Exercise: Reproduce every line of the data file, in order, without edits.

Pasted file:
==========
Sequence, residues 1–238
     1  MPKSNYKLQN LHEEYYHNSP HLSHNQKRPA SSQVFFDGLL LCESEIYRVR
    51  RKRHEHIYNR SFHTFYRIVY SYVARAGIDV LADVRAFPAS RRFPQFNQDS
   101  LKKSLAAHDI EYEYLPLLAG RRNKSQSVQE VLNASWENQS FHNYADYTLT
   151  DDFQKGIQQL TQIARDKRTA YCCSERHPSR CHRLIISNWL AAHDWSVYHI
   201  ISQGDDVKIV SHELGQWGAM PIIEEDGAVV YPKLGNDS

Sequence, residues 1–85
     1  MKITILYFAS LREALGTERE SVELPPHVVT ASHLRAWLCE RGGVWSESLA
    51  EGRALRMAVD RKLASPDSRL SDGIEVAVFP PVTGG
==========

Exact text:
Sequence, residues 1–238
     1  MPKSNYKLQN LHEEYYHNSP HLSHNQKRPA SSQVFFDGLL LCESEIYRVR
    51  RKRHEHIYNR SFHTFYRIVY SYVARAGIDV LADVRAFPAS RRFPQFNQDS
   101  LKKSLAAHDI EYEYLPLLAG RRNKSQSVQE VLNASWENQS FHNYADYTLT
   151  DDFQKGIQQL TQIARDKRTA YCCSERHPSR CHRLIISNWL AAHDWSVYHI
   201  ISQGDDVKIV SHELGQWGAM PIIEEDGAVV YPKLGNDS

Sequence, residues 1–85
     1  MKITILYFAS LREALGTERE SVELPPHVVT ASHLRAWLCE RGGVWSESLA
    51  EGRALRMAVD RKLASPDSRL SDGIEVAVFP PVTGG